However, I think you have to bring a minimum of four defensive ends with you on 53-man roster, and at least five, if not six defensive ends to training camp for competition and depth. Jenkins, Scott, Worthington and Stephen Bowen appear to be locks to move forward, and I believe, if the Redskins are going to take the next step, both Kedric Golston and Adam Carriker should be Redskins next year and moving forward.
Great organizations layer their talent. Bad organizations always think they have enough, when they really don't. Again, the Giants defensive line and pass rush depth has continuously proved that you can cover up for a lot of mistakes and talent issues, with a great pass rush or great depth in a critical area.
Golston is a solid veteran, who was having a quiet but effective year before a season ending knee injury, which cost the Redskins depth and hurt them dearly on field goal block situations.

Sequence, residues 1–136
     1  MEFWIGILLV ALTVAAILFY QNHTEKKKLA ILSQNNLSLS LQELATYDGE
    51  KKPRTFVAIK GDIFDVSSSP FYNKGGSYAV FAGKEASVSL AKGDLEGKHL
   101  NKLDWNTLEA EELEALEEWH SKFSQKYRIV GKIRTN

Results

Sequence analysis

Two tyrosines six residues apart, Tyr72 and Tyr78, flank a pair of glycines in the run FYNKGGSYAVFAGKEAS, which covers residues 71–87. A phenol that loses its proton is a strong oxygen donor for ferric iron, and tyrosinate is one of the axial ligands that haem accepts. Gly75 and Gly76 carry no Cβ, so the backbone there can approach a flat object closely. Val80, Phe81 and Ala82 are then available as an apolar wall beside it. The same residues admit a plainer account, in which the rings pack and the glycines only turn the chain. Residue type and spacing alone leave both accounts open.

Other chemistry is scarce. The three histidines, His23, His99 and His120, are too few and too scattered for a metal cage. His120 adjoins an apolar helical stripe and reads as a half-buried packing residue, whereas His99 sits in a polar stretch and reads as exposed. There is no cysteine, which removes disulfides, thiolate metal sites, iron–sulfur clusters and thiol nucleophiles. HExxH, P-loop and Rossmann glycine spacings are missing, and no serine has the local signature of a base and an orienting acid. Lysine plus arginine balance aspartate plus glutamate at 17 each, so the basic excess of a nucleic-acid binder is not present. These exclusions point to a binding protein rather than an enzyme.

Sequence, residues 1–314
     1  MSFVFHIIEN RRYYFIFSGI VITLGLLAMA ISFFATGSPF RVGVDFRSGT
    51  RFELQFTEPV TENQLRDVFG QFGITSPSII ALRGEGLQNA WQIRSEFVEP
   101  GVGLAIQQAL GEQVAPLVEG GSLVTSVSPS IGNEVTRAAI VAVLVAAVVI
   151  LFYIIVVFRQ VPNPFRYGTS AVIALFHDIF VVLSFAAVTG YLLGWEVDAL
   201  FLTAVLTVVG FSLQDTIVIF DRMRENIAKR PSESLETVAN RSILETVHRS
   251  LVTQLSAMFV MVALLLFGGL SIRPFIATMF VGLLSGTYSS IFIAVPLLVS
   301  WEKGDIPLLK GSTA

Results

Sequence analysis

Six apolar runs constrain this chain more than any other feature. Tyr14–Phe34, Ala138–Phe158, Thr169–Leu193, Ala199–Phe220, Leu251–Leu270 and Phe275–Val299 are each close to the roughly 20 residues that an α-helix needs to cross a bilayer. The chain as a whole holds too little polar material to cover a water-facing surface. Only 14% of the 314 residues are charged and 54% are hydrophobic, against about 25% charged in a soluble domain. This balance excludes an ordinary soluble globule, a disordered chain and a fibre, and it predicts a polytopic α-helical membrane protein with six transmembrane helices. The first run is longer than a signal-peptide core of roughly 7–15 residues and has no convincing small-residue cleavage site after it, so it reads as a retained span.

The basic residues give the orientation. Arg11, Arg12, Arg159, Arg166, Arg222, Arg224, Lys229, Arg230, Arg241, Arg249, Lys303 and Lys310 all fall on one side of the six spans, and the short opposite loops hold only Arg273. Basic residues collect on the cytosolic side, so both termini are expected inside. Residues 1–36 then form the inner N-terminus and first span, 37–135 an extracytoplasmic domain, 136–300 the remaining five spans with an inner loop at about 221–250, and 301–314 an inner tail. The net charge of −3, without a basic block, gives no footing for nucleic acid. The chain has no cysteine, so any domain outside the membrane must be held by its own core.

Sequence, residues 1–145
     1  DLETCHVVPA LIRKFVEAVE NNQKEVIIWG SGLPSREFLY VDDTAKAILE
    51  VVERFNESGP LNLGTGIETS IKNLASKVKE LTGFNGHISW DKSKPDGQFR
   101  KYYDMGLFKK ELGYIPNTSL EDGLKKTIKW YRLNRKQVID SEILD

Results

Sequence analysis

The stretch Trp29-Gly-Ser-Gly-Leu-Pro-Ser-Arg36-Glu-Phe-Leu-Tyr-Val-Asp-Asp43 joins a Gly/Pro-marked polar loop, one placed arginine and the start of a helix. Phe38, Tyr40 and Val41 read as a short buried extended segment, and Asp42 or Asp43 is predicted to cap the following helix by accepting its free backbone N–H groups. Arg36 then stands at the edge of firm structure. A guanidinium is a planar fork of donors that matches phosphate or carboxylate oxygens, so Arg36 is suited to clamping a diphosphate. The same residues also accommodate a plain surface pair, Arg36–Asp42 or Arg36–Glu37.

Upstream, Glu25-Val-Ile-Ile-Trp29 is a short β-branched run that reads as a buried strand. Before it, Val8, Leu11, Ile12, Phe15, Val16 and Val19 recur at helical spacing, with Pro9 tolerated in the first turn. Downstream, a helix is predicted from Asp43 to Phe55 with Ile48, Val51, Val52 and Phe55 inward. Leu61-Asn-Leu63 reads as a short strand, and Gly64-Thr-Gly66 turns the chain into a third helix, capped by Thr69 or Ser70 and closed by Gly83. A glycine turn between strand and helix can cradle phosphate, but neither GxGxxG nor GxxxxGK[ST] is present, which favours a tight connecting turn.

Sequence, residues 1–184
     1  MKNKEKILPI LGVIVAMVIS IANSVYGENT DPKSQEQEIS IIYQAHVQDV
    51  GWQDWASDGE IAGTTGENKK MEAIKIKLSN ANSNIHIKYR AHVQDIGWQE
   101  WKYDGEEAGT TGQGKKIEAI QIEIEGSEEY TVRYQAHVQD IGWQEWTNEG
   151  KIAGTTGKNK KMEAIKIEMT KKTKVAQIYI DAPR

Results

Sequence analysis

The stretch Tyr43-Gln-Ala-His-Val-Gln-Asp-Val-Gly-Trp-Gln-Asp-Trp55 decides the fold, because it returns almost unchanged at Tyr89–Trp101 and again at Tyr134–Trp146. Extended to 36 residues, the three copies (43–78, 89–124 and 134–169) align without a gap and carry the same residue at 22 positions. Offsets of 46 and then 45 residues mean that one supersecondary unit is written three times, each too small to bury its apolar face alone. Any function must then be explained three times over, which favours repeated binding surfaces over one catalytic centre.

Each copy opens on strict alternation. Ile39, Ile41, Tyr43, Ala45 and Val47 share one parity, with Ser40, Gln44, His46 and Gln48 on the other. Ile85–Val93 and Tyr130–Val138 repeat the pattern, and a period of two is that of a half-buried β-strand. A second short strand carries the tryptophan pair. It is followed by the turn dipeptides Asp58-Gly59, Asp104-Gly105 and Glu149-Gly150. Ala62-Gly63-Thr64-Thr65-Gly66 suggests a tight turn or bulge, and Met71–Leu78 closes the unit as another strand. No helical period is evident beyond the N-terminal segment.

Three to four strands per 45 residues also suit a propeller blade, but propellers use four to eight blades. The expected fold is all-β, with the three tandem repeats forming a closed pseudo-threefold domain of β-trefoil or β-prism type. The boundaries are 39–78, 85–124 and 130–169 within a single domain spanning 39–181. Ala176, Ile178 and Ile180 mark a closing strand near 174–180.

Carriker, continues to emerge as one of the hidden gem decisions of the Redskins current brain trust. The Redskins acquired the former first round pick right before the 2010 draft from the Rams as the teams agreed to swap picks in the fifth and seventh rounds as compensation.
In other words, they got Carriker for virtually nothing. Another trade that has worked out brilliantly. Shanahan and Allen, along with the pro scouting staff have not received anywhere near enough credit for the Carriker deal, along with acquiring Jabar Gaffney for Jeremy Jarmon (Denver released him), John Beck for Doug Dutch (Baltimore released him) and Tim Hightower for Vonnie Holliday.
Not every trade or maneuver is going to work out, but nobody has given this regime any credit for the moves that have worked and cost virtually nothing. Don't forget the stunning brilliance of the draft last year, and how they basically took the # 10 pick and turned it into Ryan Kerrigan, Leonard Hankerson, and Roy Helu.